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Infectious Disease: Unit 2 > Encapsulated Bacterial Pathogens > Flashcards

Flashcards in Encapsulated Bacterial Pathogens Deck (23):
1

H. influenzae: morphology, method for diagnosis, major virulence factors 

  • Morphology
    • Coccobacillus
  • Method/potential problems for diagnosis
    • Gram negative
    • Need special medium: chocolate agar + NAD + heme
    • Identify with Ab to capsule
  • Major virulence factors
    • Polysaccharide capsule
    • Endotoxin also called LPS
    • IgA protease

2

N. meningitidis: morphology, method for diagnosis, major virulence factors 

  • Morphology
    • Bean-shaped diplococci
  • Method/potential problems for diagnosis
    • Gram negative
    • Ferments maltose and glucose
    • Identify with antibody to capsule
  • Major virulence factors
    • Polysaccharide capsule
    • Endotoxin also called LPS
    • IgA protease

3

S. pneumoniae: morphology, method for diagnosis, major virulence factors 

  • Morphology
    • Diplococci
    • Can show as long chains too
  • Method/potential problems for diagnosis 
    • Gram positive
    • a-hemolytic
    • Catalase-negative
    • Identify with Ab to capsule
  • Major virulence factors 
    • Polysaccharide capsule
    • Pneumolysin
    • IgA protease

4

Causes of meningitis for newborns (0-6 months)

  • Group B streptococci
  • E. coli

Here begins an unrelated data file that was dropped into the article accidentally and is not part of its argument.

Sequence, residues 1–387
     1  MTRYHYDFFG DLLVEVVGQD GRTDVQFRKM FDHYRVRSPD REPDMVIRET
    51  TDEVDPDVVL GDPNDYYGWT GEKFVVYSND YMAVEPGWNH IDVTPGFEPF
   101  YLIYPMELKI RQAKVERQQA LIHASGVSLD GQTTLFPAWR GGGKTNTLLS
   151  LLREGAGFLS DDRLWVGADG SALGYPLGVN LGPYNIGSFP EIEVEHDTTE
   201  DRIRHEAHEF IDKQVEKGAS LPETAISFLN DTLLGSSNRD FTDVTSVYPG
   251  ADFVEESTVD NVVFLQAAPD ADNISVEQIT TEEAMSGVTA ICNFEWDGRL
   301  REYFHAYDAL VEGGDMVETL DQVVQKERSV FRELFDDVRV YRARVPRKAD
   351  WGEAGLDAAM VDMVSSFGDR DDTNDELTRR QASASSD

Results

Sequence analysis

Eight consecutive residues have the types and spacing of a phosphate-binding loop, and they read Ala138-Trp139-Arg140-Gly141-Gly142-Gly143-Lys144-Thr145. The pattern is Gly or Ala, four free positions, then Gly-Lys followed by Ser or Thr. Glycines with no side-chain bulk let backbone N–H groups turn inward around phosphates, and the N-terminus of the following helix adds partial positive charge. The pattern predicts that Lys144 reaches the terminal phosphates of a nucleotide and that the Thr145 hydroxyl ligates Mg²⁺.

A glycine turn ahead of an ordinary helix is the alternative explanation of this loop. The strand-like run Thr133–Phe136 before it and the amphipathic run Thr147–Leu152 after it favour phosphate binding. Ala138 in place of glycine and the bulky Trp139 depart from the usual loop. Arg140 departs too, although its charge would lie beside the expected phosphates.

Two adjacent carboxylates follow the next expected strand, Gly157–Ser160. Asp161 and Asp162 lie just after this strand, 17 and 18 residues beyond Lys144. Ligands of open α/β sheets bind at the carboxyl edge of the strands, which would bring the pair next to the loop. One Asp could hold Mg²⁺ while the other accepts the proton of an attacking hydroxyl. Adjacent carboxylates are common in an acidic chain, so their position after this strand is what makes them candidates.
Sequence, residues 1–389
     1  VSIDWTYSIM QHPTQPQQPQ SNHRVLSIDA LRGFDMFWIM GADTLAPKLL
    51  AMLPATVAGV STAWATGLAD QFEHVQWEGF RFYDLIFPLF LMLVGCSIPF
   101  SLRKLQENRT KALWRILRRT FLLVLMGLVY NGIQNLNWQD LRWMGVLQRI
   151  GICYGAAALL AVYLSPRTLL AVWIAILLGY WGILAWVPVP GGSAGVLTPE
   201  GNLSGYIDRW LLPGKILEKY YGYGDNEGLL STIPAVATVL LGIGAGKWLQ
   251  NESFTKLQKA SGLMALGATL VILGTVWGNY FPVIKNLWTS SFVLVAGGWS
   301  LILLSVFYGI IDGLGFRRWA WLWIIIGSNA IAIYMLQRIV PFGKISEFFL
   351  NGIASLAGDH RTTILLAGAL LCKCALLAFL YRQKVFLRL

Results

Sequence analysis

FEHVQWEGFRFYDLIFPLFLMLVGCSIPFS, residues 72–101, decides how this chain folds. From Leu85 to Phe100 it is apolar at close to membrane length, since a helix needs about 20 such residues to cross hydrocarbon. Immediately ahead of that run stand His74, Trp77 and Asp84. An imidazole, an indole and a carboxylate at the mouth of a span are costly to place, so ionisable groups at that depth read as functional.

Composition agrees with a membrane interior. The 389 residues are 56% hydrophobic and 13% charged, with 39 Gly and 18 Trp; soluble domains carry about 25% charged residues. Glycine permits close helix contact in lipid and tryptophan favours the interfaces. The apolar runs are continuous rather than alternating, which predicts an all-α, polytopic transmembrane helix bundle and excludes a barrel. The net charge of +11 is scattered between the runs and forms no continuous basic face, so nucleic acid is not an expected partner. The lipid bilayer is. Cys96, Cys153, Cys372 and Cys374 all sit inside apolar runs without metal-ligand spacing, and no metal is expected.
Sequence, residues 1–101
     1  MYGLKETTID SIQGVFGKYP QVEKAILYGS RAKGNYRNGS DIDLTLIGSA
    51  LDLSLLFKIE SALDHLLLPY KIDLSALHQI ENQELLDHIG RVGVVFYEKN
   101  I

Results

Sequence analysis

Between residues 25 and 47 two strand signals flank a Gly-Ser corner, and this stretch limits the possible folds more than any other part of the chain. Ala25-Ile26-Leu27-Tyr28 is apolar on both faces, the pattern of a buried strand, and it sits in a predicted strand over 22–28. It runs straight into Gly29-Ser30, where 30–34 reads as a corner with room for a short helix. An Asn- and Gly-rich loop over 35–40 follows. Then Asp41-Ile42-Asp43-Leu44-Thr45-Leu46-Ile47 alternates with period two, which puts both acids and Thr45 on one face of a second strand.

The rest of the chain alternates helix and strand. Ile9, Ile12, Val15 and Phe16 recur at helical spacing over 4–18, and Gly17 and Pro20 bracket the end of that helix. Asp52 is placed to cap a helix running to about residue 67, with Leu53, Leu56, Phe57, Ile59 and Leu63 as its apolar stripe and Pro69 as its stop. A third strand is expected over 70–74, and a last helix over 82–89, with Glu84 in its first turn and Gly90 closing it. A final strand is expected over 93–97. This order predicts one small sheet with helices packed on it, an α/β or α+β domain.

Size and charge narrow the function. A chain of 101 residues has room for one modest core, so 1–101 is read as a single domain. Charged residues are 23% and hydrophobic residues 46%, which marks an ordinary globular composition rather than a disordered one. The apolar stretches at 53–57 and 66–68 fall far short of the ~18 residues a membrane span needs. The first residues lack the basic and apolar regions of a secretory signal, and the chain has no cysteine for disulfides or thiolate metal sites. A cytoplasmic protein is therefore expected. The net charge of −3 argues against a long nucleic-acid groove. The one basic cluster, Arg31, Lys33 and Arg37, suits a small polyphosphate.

• Listeria

5

Causes of meningitis for children (6 months - 6 years)

  • N. meningtidis
  • S. pneumoniae
  • H. influenzae type B
  • Enteroviruses 

6

Causes of meningitis for persons 6-60 years

  • S. pneumoniae
  • N. meningitidis
  • Enteroviruses
  • HSV

7

Causes of meningitis for adults 60+ years

  • S. pneumoniae
  • Gram (-) rods
  • Listeria

8

H. influenzae: variants, disease association, cross-reactivity, vaccine

  • Variants
    • 6 serotypes a-f
  • Disease association
    • > 90% caused by serotype b in unvaccinated population
  • Cross-reactivity
    • Teichoic acids of gram (+) organisms
  • Vaccine
    • Type B only: polysaccharide + carrier protein

9

S. pneumoniae: variants, disease association, cross-reactivity, vaccine

  • Variants
    • > 80 serotypes
  • Disease association
    • 12 types responsible for > 80% of disease
  • Cross-reactivity
    • Human ABO antigens
  • Vaccine
    • 23 serotype vaccine OR 
    • 13 serotype vaccine
    • Polysaccharide
    • Not for infants

10

N. meningitidis 

  • Variants
    • 9 serogroups
  • Disease association
    • Type A responsible for most epidemics
  • Cross-reactivity
    • K1 capsule of E. coli, brain gangliosides